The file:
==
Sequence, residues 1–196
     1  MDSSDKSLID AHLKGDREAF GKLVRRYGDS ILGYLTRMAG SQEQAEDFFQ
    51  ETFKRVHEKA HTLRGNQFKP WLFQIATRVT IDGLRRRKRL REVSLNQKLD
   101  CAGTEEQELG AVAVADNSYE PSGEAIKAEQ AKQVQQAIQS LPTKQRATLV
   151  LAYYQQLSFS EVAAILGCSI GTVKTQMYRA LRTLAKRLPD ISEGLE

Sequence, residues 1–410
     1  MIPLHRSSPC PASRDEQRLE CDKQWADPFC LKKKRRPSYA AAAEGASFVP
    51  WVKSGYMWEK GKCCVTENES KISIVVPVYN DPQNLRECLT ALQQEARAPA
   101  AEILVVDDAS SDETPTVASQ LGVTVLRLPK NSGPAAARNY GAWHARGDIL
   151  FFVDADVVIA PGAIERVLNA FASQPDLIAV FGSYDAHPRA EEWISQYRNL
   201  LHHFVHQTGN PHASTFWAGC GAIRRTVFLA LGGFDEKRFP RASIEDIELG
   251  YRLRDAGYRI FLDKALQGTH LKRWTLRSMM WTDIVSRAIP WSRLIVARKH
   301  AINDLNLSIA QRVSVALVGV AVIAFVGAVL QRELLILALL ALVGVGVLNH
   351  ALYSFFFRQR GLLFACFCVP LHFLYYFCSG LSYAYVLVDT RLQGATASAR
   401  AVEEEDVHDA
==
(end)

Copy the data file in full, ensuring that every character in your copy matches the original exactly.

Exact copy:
Sequence, residues 1–196
     1  MDSSDKSLID AHLKGDREAF GKLVRRYGDS ILGYLTRMAG SQEQAEDFFQ
    51  ETFKRVHEKA HTLRGNQFKP WLFQIATRVT IDGLRRRKRL REVSLNQKLD
   101  CAGTEEQELG AVAVADNSYE PSGEAIKAEQ AKQVQQAIQS LPTKQRATLV
   151  LAYYQQLSFS EVAAILGCSI GTVKTQMYRA LRTLAKRLPD ISEGLE

Sequence, residues 1–410
     1  MIPLHRSSPC PASRDEQRLE CDKQWADPFC LKKKRRPSYA AAAEGASFVP
    51  WVKSGYMWEK GKCCVTENES KISIVVPVYN DPQNLRECLT ALQQEARAPA
   101  AEILVVDDAS SDETPTVASQ LGVTVLRLPK NSGPAAARNY GAWHARGDIL
   151  FFVDADVVIA PGAIERVLNA FASQPDLIAV FGSYDAHPRA EEWISQYRNL
   201  LHHFVHQTGN PHASTFWAGC GAIRRTVFLA LGGFDEKRFP RASIEDIELG
   251  YRLRDAGYRI FLDKALQGTH LKRWTLRSMM WTDIVSRAIP WSRLIVARKH
   301  AINDLNLSIA QRVSVALVGV AVIAFVGAVL QRELLILALL ALVGVGVLNH
   351  ALYSFFFRQR GLLFACFCVP LHFLYYFCSG LSYAYVLVDT RLQGATASAR
   401  AVEEEDVHDA